Adventures in souvlaki-ing: chapter one

It’s become a kind of mini-tradition for me to post a picture of my first souvlaki of the summer to social media as a celebration of summer in Greece. Three years ago today, I posted this:

For obvious reasons, I won’t be going to Greece this summer, for the first time since 1998. It depresses me, so I’ve been doing research on how to make souvlaki in my backyard here in Colorado. (Note: never order souvlaki from any restaurant outside of Greece. It will be awful). It won’t be the real thing, for a variety of reasons, mostly the ingredients but also the absence of ice-cold Φιξ. I thought that my experience might be useful for some of my American friends and fellow souvlaki lovers, so here goes.

First, the meat: after consulting a bunch of videos about making souvlaki, I decided to start with Boston Butt. A lot of traditional Greek souvlaki seems to be made from the neck (λαιμό) or from pork belly (πανσέτα), but the key is to get a good mix of fat and meat so that the souvlaki stays moist. The guys at Whole Foods tried to convince us not to get boston butt for grilled meat, which just confirms that Americans don’t understand meat on a stick.

Step two was grilling. (Most places don’t season the meat until after the grilling is finished, so I did the same). I used our gas grill, which is sub-optimal, and I quickly realized that the arrangement of the grill was also not what I needed:

Typically when you grill souvlaki, the ends of the skewers are off the flame, allowing them to be easily turned, and the grill perpendicular to the souvlaki, like so:

(From https://www.youtube.com/watch?v=2-4Dwlql8XI)

I ended up turning my souvlakia around on the grill so that they grilled properly, but it made the skewers impossible to touch. Once I got them off the flame, I hit them with flaked sea salt (Maldon) and Greek oregano from Methana, and plenty of lemon juice. The result was actually pretty good:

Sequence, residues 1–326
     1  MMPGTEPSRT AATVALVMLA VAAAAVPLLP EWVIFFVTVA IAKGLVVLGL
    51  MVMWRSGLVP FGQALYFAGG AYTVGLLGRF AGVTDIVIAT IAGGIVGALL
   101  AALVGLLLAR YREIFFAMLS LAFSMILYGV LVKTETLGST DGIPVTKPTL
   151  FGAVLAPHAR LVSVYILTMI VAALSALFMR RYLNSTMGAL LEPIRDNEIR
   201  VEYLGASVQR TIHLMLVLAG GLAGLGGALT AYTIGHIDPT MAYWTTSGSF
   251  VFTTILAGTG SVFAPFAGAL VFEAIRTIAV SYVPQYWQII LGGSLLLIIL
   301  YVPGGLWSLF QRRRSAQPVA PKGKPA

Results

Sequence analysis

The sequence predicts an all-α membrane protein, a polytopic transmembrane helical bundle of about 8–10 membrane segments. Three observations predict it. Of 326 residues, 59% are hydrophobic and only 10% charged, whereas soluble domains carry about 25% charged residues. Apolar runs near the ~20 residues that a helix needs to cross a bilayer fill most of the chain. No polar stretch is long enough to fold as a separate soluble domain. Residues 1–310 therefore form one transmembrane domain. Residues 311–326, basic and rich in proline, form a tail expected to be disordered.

This was before I added the lemon

These souvlakia were decent. I’d give them a ‘B’ (Sarah gave them a ‘B+’). The mix of meat and fat was good, and they weren’t dry. The next time, I’m going to try the following tweaks:

  • soak the skewers (the kalamakia) for longer, so they don’t burn
  • oil the grill so that the meat doesn’t stick to it
  • salt the meat before I grill it. This is not traditional, but my souvlakia needed more salt and seasoning
  • cook them on a medium flame and then increase the heat at the end to make sure that the fat crisps up properly (this time, I started with a high heat and finished the souvlakia on lower heat to cook them through)
  • hit them with more salt immediately after I take them off the grill.

I’ll report back once I’ve made these tweaks. Of course, to do it right I should really just use wood charcoal instead of gas, which is convenient but the flavor is bad.


4 thoughts on “Adventures in souvlaki-ing: chapter one

  1. They look like they turned out brilliantly.

    One thing I have noticed in some of the souvlatzidika (where they forgo using a marinade) that they salt the meat and leave it in the fridge for a long while before hand. A sort of dry brine. This way you need less salt to penetrate deeper into the meat, it is a good compromise. You still get a lot of rendered fat and a good crispy outer layer.

  2. Wonderful. Great advice on cuts!
    On salt: Samin Nosrat, whom I like a lot, advocates dry salt brine partly to de-moisturize the exterior of the meat, permitting it to brown better. I have not looked for photos of her grilling, but some of the same principles at work with her pan-fried steak:
    https://food52.com/blog/19311-watch-samin-nosrat-s-technique-for-restaurant-quality-steak-at-home
    – which is of course not reverse-seared.
    There’s also J. Kendri Lopez-Alt of Seriouseats, another wonderful writer. He’s one of several who’s begun to advocate putting mayonnaise on grilled meat. I know, that sounds weird. And I’ve never got round to doing it, but I wonder if it would help with souvlaki:

    “Functionally, we can think of mayonnaise as consisting of three ingredients: Along with fat and water, there is also egg protein. As the mayonnaise on the surface of a piece of meat cooks, its water content eventually evaporates away, breaking the emulsion and leaving behind a thin, evenly distributed layer of fat, as well as a very, very thin coating of egg protein.:
    … It’s difficult to work with sweet sauces like barbecue or teriyaki, which have a tendency to burn as your meat grills. Mayo solves this problem by diluting and coating the sugars with fat and egg protein. Combining a sweet sauce with mayonnaise before rubbing it on the meat allows you to grill as hot as you like without risk of burning. Also, that sauce flavor really sticks to the meat.”
    https://www.nytimes.com/2019/10/28/dining/mayo-meat-marinade.html

    On vulnerable thin cuts pays off particularly well, he says.

    These are add-ons. Your process is admirable as is, I think.

  3. It is 05:30 and you have me drooling. Last Fall I bought a mincing machine. I have tried various parts of a pig for sausage – pansetes definitely rule and neck is a distant second, other parts a never again. Season then fridge for at least 12 hours before cooking. Anise is good for a change up.

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